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Religious Freedom: Historical Highlights & Patterns Part 3: Isaac Backus by Michael A.G. Haykin

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Roger Williams, as we saw in the previous post, had sounded a clear call for religious liberty in the mid-seventeenth century. But it was not until the following century that this call was increasingly heeded and heralded. Consider, for example, the Massachusetts Baptist Isaac Backus (1724–1806). Backus was convinced, in his words, that “religion must at all times be a matter between God and individuals.”[1] Or again, he could say, “true religion is a voluntary obedience unto God.”[2] According to Backus, each person is individually answerable to God, both as judge,[3] and, for the Christian, as master.[4] Hence, he asked his opponents, “since religion is ever a matter between God and individuals, how can any man become a member of a religious society without his own consent?”[5] A state church, therefore, cannot be a true church because it forces people to belong to it against their wills.[6]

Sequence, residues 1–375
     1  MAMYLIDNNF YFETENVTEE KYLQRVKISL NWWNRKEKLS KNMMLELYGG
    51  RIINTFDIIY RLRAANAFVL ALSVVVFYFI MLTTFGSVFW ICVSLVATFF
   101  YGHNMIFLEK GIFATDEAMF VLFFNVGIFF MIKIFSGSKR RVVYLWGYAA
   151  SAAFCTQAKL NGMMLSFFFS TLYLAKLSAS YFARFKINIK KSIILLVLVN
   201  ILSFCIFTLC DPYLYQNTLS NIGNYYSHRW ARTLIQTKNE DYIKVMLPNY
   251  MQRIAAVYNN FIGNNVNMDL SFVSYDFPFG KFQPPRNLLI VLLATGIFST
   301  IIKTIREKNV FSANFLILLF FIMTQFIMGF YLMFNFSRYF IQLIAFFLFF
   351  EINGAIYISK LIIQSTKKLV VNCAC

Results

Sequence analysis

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Religious Freedom: Historical Highlights & Patterns Part 2: Roger Williams by Michael A.G. Haykin

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In the previous post in this mini-series, we looked at Oliver Cromwell’s vision of religious toleration and ended with an amazing quote about Cromwell and Islam by the one-time Baptist Roger Williams (1603/4–1683). Williams had become a Puritan during his studies for the Anglican ministry at Cambridge (B.A., 1627). He and his family sailed to New England in late 1630, making landfall on February 5, 1631. During the voyage over, Williams had had the time to do an intensive study of New Testament church polity and he had come to the two central convictions: the Puritans ought to separate entirely from the state church in England and every individual should be free to follow his own convictions in religious matters, for, in his words, “forced worship stinks in the nostrils of God.”[1]